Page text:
Concordia University

Saint Augustine's Confessions

THEO 643
M 6-8:15 p.m.

This seminar offers an introduction to and a close reading of Augustine’s Confessions, perhaps the most famous work of Christian theology, in which Augustine narrates his early life and conversion to Christianity. Each class will focus on the historical and philosophical background to each Book of the Confessions, attending to such questions as: what is a confession and how does it relate to autobiography? How are we best to understand this text, as a work of theology, philosophy, or literature (or is that division even helpful)? It will also give students a sense of later theological and philosophical importance of particular aspects of the Confessions.

Taught by Jean-Michel Roessli.

Gnosticism and the New Testament

THEO 319
M 6-8:15 p.m.

Gnosticism is the name given to a fascinating variety of religious ideas and systems where the human soul was seen as a divine spark trapped in a material body. The Gnostics sought to put themselves in direct contact with this divine spark and gain knowledge (gnosis) that would release them from material world and re-join the eternal Divine (God).

Gnosticism was highly influential and deemed a heresy by what was later called orthodox Christianity. Its heavy influence by Greek metaphysical thought would be adopted by the Church, and Orthodox Christianity to a large degree defined itself against Gnosticism. Some even argue that Gnosticism should be seen as true Christianity.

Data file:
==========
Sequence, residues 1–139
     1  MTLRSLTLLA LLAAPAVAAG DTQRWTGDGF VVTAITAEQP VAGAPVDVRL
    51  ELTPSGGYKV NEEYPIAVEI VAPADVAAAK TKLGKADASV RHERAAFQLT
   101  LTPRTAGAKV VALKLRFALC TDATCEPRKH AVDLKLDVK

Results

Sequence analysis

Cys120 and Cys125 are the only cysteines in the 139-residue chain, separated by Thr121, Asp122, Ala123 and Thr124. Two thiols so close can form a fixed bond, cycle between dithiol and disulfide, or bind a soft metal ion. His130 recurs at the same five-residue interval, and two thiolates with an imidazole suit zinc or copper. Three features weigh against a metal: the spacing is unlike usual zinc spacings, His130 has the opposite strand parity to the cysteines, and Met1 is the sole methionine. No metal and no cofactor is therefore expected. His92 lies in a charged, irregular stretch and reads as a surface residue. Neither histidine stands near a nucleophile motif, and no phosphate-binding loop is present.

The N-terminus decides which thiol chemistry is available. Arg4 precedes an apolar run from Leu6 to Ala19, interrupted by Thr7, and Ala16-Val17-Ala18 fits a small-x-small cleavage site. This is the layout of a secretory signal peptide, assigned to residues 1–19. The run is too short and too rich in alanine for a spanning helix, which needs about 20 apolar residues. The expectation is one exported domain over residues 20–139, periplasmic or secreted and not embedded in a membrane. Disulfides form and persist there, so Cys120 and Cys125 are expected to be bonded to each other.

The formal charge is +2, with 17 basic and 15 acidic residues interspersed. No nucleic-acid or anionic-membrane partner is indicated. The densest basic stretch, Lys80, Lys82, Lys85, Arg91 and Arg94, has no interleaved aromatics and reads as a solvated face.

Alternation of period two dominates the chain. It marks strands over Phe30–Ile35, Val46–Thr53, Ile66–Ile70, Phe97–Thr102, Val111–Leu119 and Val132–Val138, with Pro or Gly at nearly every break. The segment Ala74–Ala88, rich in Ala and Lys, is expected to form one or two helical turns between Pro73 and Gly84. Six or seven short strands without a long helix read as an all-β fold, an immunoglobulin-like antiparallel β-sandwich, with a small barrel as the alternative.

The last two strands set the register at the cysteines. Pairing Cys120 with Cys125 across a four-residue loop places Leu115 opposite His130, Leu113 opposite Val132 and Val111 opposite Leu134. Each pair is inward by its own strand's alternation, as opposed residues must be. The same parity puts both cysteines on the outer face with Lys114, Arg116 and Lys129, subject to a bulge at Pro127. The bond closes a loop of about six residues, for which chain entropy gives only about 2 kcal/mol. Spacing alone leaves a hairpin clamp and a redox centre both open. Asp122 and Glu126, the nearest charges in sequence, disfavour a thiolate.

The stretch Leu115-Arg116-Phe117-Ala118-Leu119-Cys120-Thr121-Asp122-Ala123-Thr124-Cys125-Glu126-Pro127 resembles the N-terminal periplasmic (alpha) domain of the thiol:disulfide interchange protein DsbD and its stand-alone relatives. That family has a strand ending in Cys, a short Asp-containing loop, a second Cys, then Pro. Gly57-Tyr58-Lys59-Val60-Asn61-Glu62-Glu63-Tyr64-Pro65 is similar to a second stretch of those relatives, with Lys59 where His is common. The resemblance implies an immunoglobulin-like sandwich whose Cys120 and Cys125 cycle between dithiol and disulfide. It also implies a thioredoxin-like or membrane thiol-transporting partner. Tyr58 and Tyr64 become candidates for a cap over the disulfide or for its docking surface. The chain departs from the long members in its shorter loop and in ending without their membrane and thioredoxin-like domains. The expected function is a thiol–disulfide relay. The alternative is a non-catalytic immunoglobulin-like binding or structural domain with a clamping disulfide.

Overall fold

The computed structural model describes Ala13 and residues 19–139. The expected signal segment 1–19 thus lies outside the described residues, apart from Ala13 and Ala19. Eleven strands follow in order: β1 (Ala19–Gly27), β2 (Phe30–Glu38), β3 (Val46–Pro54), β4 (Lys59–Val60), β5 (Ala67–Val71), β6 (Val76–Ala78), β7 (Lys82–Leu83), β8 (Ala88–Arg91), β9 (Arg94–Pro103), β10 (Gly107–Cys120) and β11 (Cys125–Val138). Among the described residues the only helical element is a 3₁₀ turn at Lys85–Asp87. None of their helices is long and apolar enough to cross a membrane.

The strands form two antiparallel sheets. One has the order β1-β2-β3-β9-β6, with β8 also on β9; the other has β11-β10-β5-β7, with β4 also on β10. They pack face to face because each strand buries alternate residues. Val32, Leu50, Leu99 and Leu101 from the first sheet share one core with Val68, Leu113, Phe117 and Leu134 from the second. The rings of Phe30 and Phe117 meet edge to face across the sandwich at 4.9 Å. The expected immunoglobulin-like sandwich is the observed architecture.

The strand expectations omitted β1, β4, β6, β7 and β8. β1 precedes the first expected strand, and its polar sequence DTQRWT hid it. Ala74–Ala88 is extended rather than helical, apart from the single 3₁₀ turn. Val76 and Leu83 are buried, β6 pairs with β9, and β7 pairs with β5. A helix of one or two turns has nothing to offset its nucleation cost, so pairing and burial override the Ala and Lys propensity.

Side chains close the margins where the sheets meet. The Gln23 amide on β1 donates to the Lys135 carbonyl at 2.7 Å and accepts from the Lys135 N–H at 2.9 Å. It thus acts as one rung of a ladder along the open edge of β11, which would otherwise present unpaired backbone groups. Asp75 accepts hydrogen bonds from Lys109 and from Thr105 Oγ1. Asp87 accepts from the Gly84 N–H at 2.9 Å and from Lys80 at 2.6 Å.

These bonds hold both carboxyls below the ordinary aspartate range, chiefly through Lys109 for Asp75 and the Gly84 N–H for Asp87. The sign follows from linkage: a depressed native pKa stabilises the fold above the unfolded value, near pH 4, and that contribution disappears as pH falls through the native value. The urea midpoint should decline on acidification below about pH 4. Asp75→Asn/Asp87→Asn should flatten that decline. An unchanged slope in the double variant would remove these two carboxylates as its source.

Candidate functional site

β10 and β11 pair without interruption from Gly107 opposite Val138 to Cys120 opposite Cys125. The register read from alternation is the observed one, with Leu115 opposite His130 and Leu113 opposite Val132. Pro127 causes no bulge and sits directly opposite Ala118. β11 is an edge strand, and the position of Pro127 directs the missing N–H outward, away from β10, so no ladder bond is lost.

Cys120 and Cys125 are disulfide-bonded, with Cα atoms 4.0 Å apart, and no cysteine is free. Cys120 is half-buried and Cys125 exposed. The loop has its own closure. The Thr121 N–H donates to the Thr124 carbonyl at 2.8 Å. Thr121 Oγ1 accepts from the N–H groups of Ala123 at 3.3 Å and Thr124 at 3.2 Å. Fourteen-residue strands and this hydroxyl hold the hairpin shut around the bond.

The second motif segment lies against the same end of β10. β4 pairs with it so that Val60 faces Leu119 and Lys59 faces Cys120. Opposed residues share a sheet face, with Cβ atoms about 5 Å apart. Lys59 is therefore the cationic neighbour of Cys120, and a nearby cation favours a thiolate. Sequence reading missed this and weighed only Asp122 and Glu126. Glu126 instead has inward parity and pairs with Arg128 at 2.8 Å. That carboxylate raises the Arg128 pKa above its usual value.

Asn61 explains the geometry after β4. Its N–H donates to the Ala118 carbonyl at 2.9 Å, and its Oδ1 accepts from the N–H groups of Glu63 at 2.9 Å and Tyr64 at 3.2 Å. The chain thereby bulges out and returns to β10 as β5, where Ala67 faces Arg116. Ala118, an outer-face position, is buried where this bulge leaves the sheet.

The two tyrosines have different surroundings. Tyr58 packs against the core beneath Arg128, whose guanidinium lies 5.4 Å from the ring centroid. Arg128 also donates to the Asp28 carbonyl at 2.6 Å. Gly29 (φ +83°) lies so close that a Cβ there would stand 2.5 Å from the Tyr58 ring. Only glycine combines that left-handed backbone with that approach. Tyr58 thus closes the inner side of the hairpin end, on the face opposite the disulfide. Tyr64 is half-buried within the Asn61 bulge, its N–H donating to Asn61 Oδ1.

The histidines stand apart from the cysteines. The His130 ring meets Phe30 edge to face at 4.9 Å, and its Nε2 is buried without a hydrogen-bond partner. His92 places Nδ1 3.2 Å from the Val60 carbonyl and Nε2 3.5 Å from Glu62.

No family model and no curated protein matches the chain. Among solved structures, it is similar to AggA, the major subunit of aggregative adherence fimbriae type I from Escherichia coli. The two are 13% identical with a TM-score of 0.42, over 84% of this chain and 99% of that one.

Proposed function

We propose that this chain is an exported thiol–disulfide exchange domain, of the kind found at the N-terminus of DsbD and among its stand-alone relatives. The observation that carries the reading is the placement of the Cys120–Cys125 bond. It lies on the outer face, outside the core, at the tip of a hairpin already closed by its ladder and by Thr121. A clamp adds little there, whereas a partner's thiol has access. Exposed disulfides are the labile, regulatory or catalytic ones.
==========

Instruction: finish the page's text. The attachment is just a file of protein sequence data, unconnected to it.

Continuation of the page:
This course will study the Gnostic texts found at Nag Hammadi as well as the more recently discovered gospels of Judas and Mary Magdalene. The course will begin with describing the finding of the texts at Nag Hammadi and an overview of Christianity in the first two centuries before studying these ancient texts in detail.

Taught by Steven R. Scott

Theology and Myth

THEO 223

This course is a comparative study of mythology.  

The focus is on the role of myths in Christian theology, e.g. creation myths, origins of humanity, salvation myths, and others.

Lecturer: Adriana Bara

Introduction to Christian Spirituality

THEO 205
T 6-8:15 p.m.

The characteristics of Christian spirituality, its roots in scripture, the balance between contemplation and action, its communal dimension, its attitude to the world, are analyzed through the study of a selection of men and women whose lives exemplify various aspects of Christian spirituality over the past two thousand years. The course examines notions of transcendence and immanence, individuality and collectivity, nature and the divine.

Taught by Jean-Michel Roessli.

Celtic Christianity


This online course offered, in the Department of Theological Studies and the School of Canadian Irish Studies, explores the dynamic spiritual cultures that arose at the north-west edges of Europe in the early Middle Ages.  Here we find a subtle, profound and sometimes paradoxical  spiritual  awareness expressed in stunning art, literature and scholarship that shone like a beacon in the so-called “Dark Ages”, and that remains relevant for cultural, environmental and spiritual creativity even today.

Taught by Sara Terreault.

Back to top

© Concordia University